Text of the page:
Even more bad news for the University of Alaska today.
Not exactly what the governor wanted from his Wasilla special session.
Facing a massive cut, the University of Alaska is moving ahead today with a declaration of financial exigency that will allow it to radically transform the university in a matter of weeks.
The group will face several high bars for consideration.
The letter doesn’t explicitly call on legislators to override the vetoes but marks a rare moment when the state’s Alaska Native regional corporations, which rarely wade into politics, speak together in unity.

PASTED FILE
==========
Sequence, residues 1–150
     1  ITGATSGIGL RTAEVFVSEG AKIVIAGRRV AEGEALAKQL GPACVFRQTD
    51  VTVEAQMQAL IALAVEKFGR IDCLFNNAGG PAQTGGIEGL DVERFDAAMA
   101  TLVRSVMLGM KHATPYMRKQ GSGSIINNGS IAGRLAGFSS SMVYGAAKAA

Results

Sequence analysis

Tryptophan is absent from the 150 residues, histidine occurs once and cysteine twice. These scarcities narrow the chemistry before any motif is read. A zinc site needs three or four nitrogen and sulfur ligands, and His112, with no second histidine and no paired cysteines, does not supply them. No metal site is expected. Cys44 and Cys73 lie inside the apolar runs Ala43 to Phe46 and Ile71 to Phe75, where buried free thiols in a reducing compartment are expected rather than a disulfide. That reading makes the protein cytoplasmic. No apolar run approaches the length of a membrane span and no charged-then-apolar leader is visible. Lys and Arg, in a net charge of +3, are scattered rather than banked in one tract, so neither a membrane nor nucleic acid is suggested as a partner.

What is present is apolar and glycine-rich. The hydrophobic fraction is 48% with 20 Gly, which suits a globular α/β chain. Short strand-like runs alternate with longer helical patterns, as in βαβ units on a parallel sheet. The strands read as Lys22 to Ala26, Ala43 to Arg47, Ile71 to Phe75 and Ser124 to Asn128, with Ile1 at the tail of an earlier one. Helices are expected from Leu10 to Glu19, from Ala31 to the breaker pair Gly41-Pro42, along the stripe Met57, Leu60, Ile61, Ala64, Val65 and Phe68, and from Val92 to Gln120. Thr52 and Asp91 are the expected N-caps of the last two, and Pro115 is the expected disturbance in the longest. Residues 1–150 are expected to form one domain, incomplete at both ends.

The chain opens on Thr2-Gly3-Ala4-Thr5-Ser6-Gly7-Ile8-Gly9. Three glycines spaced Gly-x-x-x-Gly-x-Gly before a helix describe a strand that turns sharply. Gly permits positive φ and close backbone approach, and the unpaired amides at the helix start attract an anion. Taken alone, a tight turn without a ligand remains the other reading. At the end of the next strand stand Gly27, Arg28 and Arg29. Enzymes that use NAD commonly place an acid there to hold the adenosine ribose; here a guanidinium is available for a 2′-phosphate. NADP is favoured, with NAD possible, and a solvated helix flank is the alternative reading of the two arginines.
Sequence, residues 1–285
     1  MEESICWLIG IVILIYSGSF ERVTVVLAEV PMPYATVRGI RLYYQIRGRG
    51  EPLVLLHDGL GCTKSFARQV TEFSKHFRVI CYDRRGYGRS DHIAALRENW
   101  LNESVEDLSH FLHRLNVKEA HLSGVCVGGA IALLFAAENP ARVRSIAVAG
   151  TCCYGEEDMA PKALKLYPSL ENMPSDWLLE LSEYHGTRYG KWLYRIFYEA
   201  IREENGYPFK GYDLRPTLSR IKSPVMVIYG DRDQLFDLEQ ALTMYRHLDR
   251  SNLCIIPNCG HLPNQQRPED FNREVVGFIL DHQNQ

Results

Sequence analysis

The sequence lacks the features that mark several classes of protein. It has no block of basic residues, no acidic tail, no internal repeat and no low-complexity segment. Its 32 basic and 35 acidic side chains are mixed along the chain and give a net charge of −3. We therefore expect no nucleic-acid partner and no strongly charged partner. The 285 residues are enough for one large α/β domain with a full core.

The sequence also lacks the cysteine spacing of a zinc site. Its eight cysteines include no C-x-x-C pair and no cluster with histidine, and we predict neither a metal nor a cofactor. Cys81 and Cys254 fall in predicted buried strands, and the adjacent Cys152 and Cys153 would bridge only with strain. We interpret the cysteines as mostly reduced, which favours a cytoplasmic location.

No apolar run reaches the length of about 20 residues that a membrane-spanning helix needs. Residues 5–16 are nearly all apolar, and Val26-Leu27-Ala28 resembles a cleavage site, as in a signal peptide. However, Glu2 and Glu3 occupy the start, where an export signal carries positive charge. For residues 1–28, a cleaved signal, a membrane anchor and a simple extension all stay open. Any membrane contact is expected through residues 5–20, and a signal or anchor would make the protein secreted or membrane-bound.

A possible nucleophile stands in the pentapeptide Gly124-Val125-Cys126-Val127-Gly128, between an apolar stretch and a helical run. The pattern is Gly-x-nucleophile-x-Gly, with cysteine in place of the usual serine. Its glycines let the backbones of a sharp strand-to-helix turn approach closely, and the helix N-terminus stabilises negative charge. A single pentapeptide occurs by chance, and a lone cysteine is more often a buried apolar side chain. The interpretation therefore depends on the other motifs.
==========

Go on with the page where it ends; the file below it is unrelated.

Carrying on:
Some legislators opposing the override suggested a negotiated compromise to restore some money here and there. Such a process could take months.
Chances of an override are slim with 22 legislators hiding out in Wasilla.
There is more to fiscal conservatism than a small budget deficit.
Many seniors spoke through tears or anger when talking about how the overnight elimination of the Senior Benefits Program, dental benefits and others have left them unsure what to do.
Lindemuth argues the vetoes run contrary to the founding ideals of the Alaska Constitution.